Spending

Going home for Christmas? How to 'mitigate risk' given Omicron, according to health professionals

"I would really utilize testing for unvaccinated people who plan to come."

Share
Twenty/20

The most recent surge of Covid-19 cases has Americans questioning whether it's still smart or safe to gather with friends or family this holiday weekend. Like so many questions regarding the pandemic, the answer is: It depends.

"Somebody that is vaccinated and boosted and is going to test before meeting and is going to be with other people who fit that same profile is in a different scenario than someone who is unvaccinated and going to be in an unvaccinated group," says Lindsey Dawson, the associate director of HIV policy at the Kaiser Family Foundation.

With plane tickets and presents bought, the decision to cancel plans can be not only disappointing but costly. However, the highly contagious omicron variant now makes up 73% of all Covid-19 cases in the United States, according to the Centers for Disease Control. So this holiday season it's important to "mitigate risk" before returning home, Dawson says.

Communicate with friends and family

Reach out to everyone attending your holiday gathering, says Dr. Panagis Galiatsatos, a pulmonary and critical care medicine specialist at Johns Hopkins Bayview Medical Center, so that you can find out some key information. Is everyone vaccinated? Has anyone been exposed to someone with Covid lately? Is anyone feeling under the weather?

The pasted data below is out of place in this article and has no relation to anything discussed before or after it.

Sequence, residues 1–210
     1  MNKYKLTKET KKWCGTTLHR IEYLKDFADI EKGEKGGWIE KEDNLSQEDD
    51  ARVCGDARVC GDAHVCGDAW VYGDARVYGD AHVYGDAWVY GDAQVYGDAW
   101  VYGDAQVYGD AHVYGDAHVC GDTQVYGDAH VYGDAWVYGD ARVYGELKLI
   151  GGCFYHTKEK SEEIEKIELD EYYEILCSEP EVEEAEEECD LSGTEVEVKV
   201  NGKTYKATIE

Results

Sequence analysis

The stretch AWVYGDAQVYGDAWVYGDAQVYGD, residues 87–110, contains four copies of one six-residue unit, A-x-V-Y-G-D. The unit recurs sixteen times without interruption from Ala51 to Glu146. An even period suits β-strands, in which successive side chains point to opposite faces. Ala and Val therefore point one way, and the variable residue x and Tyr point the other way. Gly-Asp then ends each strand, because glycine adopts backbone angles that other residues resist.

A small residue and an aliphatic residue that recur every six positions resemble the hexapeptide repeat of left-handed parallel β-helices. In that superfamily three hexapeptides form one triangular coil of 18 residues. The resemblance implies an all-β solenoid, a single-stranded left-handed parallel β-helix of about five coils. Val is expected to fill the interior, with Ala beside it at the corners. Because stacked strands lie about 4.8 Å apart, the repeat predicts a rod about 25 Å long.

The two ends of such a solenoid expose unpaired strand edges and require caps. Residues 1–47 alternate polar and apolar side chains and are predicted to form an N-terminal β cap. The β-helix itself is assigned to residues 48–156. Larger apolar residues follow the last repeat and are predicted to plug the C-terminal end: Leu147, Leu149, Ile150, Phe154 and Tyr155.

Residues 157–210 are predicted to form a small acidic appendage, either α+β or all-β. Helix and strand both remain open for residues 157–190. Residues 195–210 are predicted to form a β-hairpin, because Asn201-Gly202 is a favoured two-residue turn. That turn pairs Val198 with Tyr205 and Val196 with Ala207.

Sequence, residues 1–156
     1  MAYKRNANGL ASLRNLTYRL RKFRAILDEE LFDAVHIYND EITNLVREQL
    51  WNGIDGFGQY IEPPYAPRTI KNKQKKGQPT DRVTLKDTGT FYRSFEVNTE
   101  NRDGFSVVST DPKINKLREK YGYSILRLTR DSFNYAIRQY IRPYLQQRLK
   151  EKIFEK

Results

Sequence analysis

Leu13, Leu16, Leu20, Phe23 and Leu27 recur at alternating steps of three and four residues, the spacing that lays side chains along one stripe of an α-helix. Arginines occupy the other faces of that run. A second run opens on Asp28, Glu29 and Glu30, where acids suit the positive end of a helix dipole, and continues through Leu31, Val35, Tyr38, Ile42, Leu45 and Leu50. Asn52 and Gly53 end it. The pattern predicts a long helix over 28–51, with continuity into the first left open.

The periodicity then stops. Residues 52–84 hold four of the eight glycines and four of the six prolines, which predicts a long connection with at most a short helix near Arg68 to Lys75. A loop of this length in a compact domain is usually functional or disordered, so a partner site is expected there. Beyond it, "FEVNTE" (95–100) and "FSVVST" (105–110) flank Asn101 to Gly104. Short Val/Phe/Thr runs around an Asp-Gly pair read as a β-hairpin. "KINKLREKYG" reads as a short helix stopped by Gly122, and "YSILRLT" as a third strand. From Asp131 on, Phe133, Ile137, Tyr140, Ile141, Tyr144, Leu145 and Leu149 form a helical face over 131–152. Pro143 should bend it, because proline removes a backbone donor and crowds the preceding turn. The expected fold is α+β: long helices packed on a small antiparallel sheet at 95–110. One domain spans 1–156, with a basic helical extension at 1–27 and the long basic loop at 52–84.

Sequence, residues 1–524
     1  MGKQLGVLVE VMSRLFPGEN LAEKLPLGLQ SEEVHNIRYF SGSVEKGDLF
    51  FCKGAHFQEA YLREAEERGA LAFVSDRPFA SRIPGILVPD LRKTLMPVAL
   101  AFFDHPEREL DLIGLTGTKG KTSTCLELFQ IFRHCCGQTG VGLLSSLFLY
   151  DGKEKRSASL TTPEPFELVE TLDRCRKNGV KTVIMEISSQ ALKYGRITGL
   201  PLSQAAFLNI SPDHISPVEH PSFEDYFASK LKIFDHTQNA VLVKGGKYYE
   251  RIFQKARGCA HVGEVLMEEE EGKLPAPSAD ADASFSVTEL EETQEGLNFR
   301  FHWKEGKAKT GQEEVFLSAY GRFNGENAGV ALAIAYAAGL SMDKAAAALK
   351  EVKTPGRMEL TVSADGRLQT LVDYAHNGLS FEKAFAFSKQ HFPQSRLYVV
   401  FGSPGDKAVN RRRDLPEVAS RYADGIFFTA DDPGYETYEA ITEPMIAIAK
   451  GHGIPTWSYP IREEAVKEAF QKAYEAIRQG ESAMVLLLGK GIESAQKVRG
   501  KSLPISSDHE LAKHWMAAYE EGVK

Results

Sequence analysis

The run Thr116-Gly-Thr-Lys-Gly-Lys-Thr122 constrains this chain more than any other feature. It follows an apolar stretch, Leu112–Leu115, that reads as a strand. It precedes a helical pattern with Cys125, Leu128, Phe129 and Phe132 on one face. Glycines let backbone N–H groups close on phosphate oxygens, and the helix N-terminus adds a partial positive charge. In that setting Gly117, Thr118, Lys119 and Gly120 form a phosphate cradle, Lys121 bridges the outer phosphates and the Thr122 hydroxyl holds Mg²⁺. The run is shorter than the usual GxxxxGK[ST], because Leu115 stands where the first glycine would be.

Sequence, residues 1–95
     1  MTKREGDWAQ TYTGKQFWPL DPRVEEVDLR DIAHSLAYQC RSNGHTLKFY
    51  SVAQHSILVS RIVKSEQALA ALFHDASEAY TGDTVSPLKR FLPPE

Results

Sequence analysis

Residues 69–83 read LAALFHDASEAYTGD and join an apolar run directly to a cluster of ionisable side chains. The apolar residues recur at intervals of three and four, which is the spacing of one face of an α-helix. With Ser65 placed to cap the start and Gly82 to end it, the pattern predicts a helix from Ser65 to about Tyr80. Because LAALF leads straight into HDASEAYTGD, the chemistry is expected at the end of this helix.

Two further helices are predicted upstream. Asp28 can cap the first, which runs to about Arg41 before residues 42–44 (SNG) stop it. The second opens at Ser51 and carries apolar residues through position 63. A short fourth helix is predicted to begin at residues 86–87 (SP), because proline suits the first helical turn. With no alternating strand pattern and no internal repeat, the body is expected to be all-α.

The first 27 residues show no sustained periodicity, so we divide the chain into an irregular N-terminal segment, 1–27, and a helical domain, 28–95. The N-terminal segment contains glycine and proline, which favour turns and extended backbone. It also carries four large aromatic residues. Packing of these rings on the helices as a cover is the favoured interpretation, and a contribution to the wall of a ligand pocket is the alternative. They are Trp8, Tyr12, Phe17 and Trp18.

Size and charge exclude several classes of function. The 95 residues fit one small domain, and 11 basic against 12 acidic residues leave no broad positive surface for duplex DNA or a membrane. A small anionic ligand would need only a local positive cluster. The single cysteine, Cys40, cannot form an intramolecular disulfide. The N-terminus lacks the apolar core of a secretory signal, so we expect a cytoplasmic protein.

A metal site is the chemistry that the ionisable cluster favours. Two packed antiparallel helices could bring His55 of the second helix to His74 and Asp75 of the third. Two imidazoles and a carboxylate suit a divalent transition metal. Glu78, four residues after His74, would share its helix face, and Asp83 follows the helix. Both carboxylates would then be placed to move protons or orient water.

"This is not meant to create stigma or judgement," he says. Asking friends and family their vaccine status and related questions is simply the first step to deciding whether it's smart to attend your gathering.

Assess the risk

Once you know whether your friends and family are vaccinated, boosted, or neither, you can assess the risk the situation might pose to you, says Dawson.

"Unvaccinated people gathering with other unvaccinated people indoors are at the high end of risk-taking," she says. "On the low end of risk taking are people who are vaccinated and boosted and testing and gathering in a smaller group."

Galiatsatos agrees that if the risk is low enough, gatherings can proceed.

"If everyone is vaccinated and you feel confident none of them have symptoms, and they are vaccinated and boosted, it's fine to say, 'Come to the house,'" he says.

Somebody that is vaccinated and boosted ... is in a different scenario than someone who is unvaccinated and going to be in an unvaccinated group.
Lindsey Dawson
associate director of HIV policy at the KFF

Get tested

It's not a bad idea for everyone, regardless of vaccination status, to get tested before a gathering.

At-home tests are sold at many pharmacies, as well as brick-and-mortar retailers such as Target, Walgreens, Walmart, and online. They usually retail for between $14 and $24 for a box containing two tests.

However, tests are selling quickly and some stores are putting purchase limits on their available stock. If you only can get ahold of a few tests, it's more important for unvaccinated people to take them, Galiatsatos says.

"I would really utilize testing for unvaccinated people who plan to come," he says.

More from Grow: